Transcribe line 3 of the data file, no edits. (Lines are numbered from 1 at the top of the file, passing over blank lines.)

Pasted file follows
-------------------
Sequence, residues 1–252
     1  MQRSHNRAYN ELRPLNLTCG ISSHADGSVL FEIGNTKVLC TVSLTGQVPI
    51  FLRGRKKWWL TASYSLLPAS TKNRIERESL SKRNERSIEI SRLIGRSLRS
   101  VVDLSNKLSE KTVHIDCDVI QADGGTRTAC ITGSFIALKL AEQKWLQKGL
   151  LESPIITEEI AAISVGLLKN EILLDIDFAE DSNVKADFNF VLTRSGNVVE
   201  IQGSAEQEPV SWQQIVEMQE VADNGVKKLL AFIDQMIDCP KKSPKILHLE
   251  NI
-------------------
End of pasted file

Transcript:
    51  FLRGRKKWWL TASYSLLPAS TKNRIERESL SKRNERSIEI SRLIGRSLRS